Ireland get out ofs a great influx of tourism from all over the world, particularly visitors from the UK and the US. UK visitors choose Ireland for its vicinity, stunning nature as well as, of course, great culture and atmosphere. In the USA, with so many people citing Irish tradition thank to the mass influx of Irish immigrants to the States in the 19th century, Ireland tends to be at the top of the bucket list for many Americans.
To whatever manner for other European visitors and visitors from farther afield, Ireland sometimes rarely makes the list when it stop by to European destinations. And of course, there is a lot to contend with. Just look at Paris and London, literally global capitals of mode and food. Then, of course, you have the competing centres of Berlin, Prague, Munich, Brussels and Amsterdam; picturesque and cultural enclosures that are known around the world. After that, you must compete with Italy and Greece, truly peerless destinations that are stunning and offer a wealth of fodder for Instagram. So why take the time to visit the tiny island of Ireland?
Ireland is a corresponding exactly cultural boiling pot nestled on the very edge of Europe. There is a mass of pre-conceived notions about this sticks from our globally recognised stereotypes (ginger hair and leprechauns anybody?) to a reputation for being a highly conservative and strict country.
Ireland and especially the younger generations of Irish people are working tirelessly to shrug off these stereotypes and see the territory emerge as the progressive, inclusive and exciting landscape that it is evolving to be. Yes, like every country we still have our puzzlers, but this atmosphere of the social and cultural revolution is changing everything.
In 2015, Ireland became the first country to legalise same-sex confederation by public referendum. We made headlines all over the world in 2017 when we elected one of our youngest government leaders who also happened to be “the gay son of an Indian newcomer”. In 2018 we repealed the 8th amendment from our constitution providing Irish women with the right to have safe and judicial abortions at home in Ireland.
Amidst all this powerful atmosphere and appetite for change, Ireland remains the cultural hub and aesthetically astounding landscape it has always been. From the endlessly modern cities of Dublin, Cork and Galway to the tiny towns of Kerry and Mayo, our education is preserved and progresses in such a unique way that you can revel in the millennial modernity of Dublin but still find a truly ‘particular’ pub that has remained unchanged for 50 years just down the road.
Ireland is evolving. There is a new climate and ambience that you need to see to embrace. That is why 2021 is the time to visit these three stunning areas of Ireland as done as possible.
Dublin, our cultural capital
There are simply endless things to do and enjoy in Ireland’s capital which make also likely be the starting point of any trip to Ireland.
For the cultural boffins, a visit to the historic Trinity College is intrinsic and the impressive buildings here rank amongst some of the most stunning city centre architecture. The Book of Kells and Fancy Hub Library can be visited within the walls of this famed university. Dublin Castle and Christ Church provide a aid history of the city all within a ten-minute walking distance of each other. There are several museums from the Civil History Museum to the National Library (there is also a leprechaun museum if you prefer something a bit more fantastical).
Trinnity College Dublin – [image-credit]
Sporadically you have the cultural activities out of the way, it is about time you indulge in another cultural past-time: drinking! The iconic Guinness Store is a great place to start with a fascinating tour topped with several gorgeous bars and pubs all within one aesthetically preferring building. Finish at the panoramic rooftop bar for great views of the city.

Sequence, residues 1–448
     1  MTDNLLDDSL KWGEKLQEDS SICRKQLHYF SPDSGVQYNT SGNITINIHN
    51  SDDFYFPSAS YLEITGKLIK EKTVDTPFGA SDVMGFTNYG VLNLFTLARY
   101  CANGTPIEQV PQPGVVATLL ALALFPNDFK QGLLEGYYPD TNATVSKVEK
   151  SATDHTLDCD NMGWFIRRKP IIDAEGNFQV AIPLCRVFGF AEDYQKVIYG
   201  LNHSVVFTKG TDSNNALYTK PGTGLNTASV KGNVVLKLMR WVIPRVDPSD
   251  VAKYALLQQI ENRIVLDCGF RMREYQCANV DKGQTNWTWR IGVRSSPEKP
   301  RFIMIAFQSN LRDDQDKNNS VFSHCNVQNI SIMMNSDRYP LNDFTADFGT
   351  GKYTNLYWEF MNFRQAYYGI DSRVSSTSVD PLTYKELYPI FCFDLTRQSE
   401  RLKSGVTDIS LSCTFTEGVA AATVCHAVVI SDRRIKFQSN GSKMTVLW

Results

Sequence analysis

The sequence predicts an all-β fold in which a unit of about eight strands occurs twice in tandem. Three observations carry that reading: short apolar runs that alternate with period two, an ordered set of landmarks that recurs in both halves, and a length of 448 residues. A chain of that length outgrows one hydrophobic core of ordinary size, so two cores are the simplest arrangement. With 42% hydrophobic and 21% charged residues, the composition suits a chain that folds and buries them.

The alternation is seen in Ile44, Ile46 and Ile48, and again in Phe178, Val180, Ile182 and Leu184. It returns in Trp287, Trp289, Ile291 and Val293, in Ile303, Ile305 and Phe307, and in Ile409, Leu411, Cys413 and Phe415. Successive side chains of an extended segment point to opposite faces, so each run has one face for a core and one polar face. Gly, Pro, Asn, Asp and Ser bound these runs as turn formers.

After that, you don’t need to look far to find another spraying hole. In Dublin, there are over 700 pubs to be enjoyed. Temple Bar is the official tourist destination with some colossal traditional style pubs and lives Irish music every single night. However, prepare to pay tourist assesses for a pint and know that you will likely not find many locals here. Head to trendier areas in the urban district such as Camden Street, Aungier Street and Georges Street for a real glimpse into Dublin’s social mise en scene. Here is where all the locals will go to enjoy a well-earned drink after work or to let their hair down on a Saturday tenebrosity.
Temple Bar Dublin
Dublin has also emerged as a great food capital with endless places to eat and take advantage of the vibrant atmosphere of this young city. You can get everything from Korean and Tapas to Indian and locally sourced victuals. Ireland does not have a strong sense of cuisine but modern Irish restaurants are emerging that do a sophisticated deflate on Irish food. Think steak and Guinness pies, great rustic thick-cut french fries and locally intercepted smoked salmon served with our homemade brown sourdough bread and real Irish butter. Seek out these locally run provisions haunts to support local businesses and producers.
If you want a taste of how people live in and around Dublin, it’s nice to font out to some of the beautiful towns and areas outside of the city centre. Howth is a popular little fishing town frequented by locals who utilize the harbour, long walks and delicious ice cream on sunny days. The well-known Cliff Walk is an enjoyable stroll along the coastline all over Howth though it gets very busy during peak travel season (this is usually during the months of June to September).
Howth Escarpment Walk
Rathmines and Ranelagh are upmarket residential areas about ten minutes outside of the inner city. These charming crumb inlets of residential Dublin are a great place to find cute coffee shops, great restaurants and independent boutiques. Rathmines steady has one of Dublin’s new hotspots, the Stella Theatre. This glamorous old-school cinema boasts large, comfortable seats and you can use drinks and food during the movie.
Check out Dublin Events to keep an eye on the endless cultural events, festivals, concerts and fairs on offer in the city. There is always something to do especially during the summer months.
The Wild Atlantic Way
The Wild Atlantic Way is Ireland’s prosperous shot. When you think of the landscape of Ireland you are probably thinking of images you have seen of Ireland’s West coast. And this remarkable coastal trail stretches right from Ireland’s Northern Tip down to its Southern peninsula (we’re talking around 2500km of handsomeness).